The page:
Cinemark Holdings on Monday finished the trading period with shares up nearly 11% as much of the industry experienced upticks on the back of a market rebound.
AMC shares closed up nearly 27% and shares of Regal Cinemas’ U.K. parent company Cineworld Group were up roughly 9%.
B. Riley FBR analyst Eric Wold upgraded Cinemark’s stock on Monday to “buy” from “neutral,” amid growing confidence that the theatrical box office will be able to get back its footing following the novel coronavirus pandemic.
“We came away from our recent hosted group investor call increasingly confident in management’s ability to control cash flow and get through this shutdown period without any adverse liquidity events–and be in a position of strength on the other side,” Wold wrote in a note to clients. “We view this as an attractive additional entry point for investors who remain positive on the exhibition industry in general and want to be positioned for when visibility into a theater reopening timeline becomes clearer.”
Cinemark shares have plummeted 74% since Feb. 20, compared with a 26% decline for the S&P 500. The stock upgrade and projected $14 price target — shares closed Monday at $9.28 — represent potential upside of 67% from current levels and a potential total return of 84%, Wold said, should the dividend remain intact.
Like much of the industry, the cinema chain — one of the largest in the U.S. — has taken a beating as a result of the spread of the coronavirus. With theaters across the country shut down, Cinemark has been forced to slash the pay of its corporate workforce by at least 50%, while CEO Mark Zoradi said last week that he would forgo his entire salary for the duration of the pandemic.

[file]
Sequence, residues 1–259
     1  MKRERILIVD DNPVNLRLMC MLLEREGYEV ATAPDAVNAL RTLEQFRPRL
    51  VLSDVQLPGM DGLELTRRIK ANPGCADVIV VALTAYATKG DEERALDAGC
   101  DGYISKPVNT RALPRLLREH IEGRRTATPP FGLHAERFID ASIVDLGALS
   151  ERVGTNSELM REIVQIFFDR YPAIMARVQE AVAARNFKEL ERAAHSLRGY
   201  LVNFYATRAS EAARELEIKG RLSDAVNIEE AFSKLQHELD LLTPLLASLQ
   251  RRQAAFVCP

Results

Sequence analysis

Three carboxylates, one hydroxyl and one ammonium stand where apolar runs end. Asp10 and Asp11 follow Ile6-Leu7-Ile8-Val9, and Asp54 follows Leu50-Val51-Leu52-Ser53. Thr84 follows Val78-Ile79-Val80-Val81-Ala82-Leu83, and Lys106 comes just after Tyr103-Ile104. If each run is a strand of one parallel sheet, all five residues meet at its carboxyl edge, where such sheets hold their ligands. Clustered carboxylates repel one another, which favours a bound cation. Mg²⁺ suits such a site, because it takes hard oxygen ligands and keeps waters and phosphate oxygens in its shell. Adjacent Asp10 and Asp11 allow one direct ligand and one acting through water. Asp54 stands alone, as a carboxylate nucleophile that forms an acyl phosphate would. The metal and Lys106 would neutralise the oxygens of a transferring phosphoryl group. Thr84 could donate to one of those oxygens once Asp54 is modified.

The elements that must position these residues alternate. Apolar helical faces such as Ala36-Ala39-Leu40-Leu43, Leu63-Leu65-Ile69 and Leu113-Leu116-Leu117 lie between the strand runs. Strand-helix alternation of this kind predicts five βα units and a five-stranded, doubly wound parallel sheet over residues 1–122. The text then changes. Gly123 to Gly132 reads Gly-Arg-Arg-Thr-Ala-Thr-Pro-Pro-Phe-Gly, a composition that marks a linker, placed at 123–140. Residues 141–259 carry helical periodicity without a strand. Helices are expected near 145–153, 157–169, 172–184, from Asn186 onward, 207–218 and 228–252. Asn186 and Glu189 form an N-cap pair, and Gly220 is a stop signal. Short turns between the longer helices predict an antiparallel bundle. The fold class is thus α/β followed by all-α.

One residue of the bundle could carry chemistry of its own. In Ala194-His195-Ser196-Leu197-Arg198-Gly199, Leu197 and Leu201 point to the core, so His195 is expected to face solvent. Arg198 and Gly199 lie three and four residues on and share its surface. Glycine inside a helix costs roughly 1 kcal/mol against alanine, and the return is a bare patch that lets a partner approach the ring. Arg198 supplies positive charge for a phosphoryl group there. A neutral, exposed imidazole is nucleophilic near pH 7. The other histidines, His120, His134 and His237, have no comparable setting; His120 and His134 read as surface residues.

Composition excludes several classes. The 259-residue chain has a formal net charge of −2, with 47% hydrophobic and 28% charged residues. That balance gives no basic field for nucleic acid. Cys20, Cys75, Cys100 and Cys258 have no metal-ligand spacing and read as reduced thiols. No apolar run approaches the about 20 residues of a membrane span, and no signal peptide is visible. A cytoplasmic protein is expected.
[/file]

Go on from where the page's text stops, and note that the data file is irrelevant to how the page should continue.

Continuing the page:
Cinemark isn’t alone; AMC, the nation’s largest theater chain, was forced to furlough 600 corporate employees, including CEO Adam Aron.
Wold said that during his meeting with Cinemark, management noted that the company could have operated profitably at roughly 50% capacity — but only if the content was there.
“While the decision to close the domestic theaters was not made by management, this gives us increased confidence of the company’s ability to operate profitably as attendance begins to ramp and return to normal following the mandated theater closures,” Wold wrote. “We estimate that [Cinemark’s] existing cash balance and availability on the credit facility would provide enough liquidity for the company to last nearly nine months without any revenue coming through the door.”
S&P Global recently changed the credit outlook of Cinemark (BB: Non-investment grade speculative) to “credit watch negative” from “stable.”
Due to the closure of movie theaters and the stay-at-home guidelines, studios have either pushed film releases past the pivotal summer months, taken them off the slate for 2020 altogether, or marooned them to streaming services.
Last week, Disney pushed the releases of “Mulan” and “Black Widow,” while punting “Artemis Fowl” to its Disney+ streaming service in lieu of a theatrical release. Wold said Disney’s moves provide confidence that the box office will be able to adjust.
“We believe some of the calendaring decisions made by Disney should help to drive some optimism with investors that the studios will work to build a solid film slate that both inspires consumers to return to the theater and avoids an overly crowded calendar that adversely impacts box office revenues,” Wold wrote. “While movie theaters and the overall industry will suffer from a full lock-down for two to three months and a potentially slow rebound in attendance trends, we are increasingly optimistic that studios will be flexible to create a evened out release schedule in the coming years to boost the industry’s overall health during the recovery.”